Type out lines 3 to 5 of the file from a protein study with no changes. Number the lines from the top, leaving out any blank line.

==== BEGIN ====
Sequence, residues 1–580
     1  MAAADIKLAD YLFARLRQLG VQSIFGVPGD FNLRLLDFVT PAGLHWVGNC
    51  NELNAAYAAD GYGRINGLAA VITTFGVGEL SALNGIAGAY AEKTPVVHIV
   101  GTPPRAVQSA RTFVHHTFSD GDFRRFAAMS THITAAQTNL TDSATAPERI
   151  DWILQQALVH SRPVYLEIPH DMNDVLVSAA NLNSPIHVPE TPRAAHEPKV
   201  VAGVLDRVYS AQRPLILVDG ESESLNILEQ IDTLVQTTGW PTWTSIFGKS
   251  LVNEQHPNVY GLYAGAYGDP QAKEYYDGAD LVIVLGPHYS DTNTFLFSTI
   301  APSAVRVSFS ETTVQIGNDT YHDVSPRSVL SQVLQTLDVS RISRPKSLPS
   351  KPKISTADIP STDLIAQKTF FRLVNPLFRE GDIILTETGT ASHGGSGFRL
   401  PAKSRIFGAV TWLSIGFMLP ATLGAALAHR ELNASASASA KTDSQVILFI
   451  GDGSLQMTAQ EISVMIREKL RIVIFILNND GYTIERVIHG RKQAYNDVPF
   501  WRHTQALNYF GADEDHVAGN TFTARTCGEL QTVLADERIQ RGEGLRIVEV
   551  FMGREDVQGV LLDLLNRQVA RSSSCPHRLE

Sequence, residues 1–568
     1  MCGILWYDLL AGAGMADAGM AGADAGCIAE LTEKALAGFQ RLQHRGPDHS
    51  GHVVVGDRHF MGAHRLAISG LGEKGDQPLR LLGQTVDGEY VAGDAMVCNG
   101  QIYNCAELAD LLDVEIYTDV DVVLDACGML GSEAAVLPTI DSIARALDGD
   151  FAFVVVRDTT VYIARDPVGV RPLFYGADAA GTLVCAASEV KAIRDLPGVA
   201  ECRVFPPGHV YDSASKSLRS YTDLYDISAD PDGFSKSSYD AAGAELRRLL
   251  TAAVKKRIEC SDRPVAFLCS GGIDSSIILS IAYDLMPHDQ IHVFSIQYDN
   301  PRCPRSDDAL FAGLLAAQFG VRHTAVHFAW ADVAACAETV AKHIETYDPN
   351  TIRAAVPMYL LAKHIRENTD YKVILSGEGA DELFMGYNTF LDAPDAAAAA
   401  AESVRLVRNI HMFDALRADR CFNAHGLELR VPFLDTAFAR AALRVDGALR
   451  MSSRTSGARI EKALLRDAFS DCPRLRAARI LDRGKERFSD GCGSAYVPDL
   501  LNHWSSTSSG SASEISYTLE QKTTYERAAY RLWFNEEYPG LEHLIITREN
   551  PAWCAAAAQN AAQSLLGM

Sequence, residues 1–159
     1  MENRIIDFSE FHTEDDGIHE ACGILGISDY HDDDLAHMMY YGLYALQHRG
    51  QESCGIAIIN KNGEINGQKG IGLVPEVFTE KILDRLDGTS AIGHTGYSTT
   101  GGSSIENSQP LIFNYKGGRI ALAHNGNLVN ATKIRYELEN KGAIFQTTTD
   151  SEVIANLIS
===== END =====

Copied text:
    51  NELNAAYAAD GYGRINGLAA VITTFGVGEL SALNGIAGAY AEKTPVVHIV
   101  GTPPRAVQSA RTFVHHTFSD GDFRRFAAMS THITAAQTNL TDSATAPERI
   151  DWILQQALVH SRPVYLEIPH DMNDVLVSAA NLNSPIHVPE TPRAAHEPKV